The Independent Student Newspaper of St. John's University

The Torch

The Independent Student Newspaper of St. John's University

The Torch

The Independent Student Newspaper of St. John's University

The Torch

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King’s Court

Sometimes you just have to shake your head.

Michael Vick, ambassador for the game of football, has admitted to fighting dogs over about a five-year period.

Make no mistake, what Vick did was bad. Dog fighting is an inhumane and grisly “sport”, but it’s hard to imagine that there are people out there who actually support it. Vick was one of those people.

And then he apologized. In front of hundreds of reporters and thousands of viewers on. Vick poured his heart out on national television. He was sympathetic, convincing, and downright pathetic.
And he was also lying.

Vick can talk all he wants about finding God. He can continue to apologize to all the people he hurt. But the fact remains that he showed no contrition until the FBI had him cornered.

“Not for one second will I sit right here and point the finger and blame anyone else for my actions,” Vick said.

That’s funny. Shortly after pleading not guilty to dog-fighting charges, Vick said, “I take these charges very seriously and look forward to clearing my good name.”

Is that the same good name that brutally killed dogs? The one who accused family and friends of abusing his generosity to breed and fight dogs at his house, while he claimed to know nothing about it?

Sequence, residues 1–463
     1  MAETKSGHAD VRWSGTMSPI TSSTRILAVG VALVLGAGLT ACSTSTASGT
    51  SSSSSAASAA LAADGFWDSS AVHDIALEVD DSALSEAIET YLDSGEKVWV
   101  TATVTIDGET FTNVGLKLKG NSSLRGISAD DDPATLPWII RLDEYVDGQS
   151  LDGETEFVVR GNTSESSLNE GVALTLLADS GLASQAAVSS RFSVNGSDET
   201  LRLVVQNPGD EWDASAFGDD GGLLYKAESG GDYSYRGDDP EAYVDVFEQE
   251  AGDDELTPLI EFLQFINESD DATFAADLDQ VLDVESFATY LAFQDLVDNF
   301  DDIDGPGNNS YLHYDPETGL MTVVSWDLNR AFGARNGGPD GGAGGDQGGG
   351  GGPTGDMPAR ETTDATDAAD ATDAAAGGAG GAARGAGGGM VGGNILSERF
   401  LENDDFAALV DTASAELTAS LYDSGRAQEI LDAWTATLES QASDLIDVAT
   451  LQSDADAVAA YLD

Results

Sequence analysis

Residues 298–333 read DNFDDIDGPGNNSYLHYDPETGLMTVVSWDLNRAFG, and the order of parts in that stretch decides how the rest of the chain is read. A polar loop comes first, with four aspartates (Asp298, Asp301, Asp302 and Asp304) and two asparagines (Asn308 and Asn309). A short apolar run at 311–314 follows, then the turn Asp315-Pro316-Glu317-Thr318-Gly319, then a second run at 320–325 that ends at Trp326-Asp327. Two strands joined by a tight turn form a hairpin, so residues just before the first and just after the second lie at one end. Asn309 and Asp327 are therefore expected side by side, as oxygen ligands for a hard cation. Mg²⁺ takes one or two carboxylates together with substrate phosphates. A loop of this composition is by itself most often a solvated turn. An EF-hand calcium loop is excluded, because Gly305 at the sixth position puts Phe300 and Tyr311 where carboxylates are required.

Now that Vick has apologized, NFL Players Association head Gene Upshaw will likely be under more fire than he was before for not supporting Vick.

“Speaking personally, as I have previously stated, the practice of dog fighting is offensive and completely unacceptable,” Upshaw said in a statement. “I can only hope that Mr. Vick, who is a young man, will learn from this awful experience.”

Upshaw is dead on. Yes, the players union is there to defend players when there is controversy, but the line has to be drawn somewhere. Would the union be expected to back a player who committed murder? The killing of dogs is equivalent murder, no matter which way you spin it.

But some analysts think otherwise. Howard Bryant of ESPN.com went so far as to write that Upshaw’s statement “read as an abandonment of Vick and a capitulation to [NFL commissioner Roger] Goodell.”

Upshaw is not supporting Goodell; he is simply not supporting Vick because he believes it is the best move he can make for the NFL. The union has been, and will continue to be, in support of players in question. Just ask Tennessee Titans’ return-man Pacman Jones or 10 percent of the Cincinnati Bengals squad.

The fact of the matter is that right now the players in the NFL have a worse reputation than at any point in the league’s 87-year history.

Had Upshaw sided with Vick, he would have sent the wrong message to not only all young players in the NFL, but all professional athletes.

It might not matter now, though. Vick’s apology was believable. It was believable enough that it now appears to have actually convince people that he has changed. And it may have been believable enough to bring him back into the NFL sometime during 2009 when his prison sentence has ended.

And there you have it. Vick is likely to end up not much more worse off than he was before the incident. He has done so by lying, the same way he stayed afloat when the dog-fighting issue first came to light.
Sometimes you just have to shake your head.

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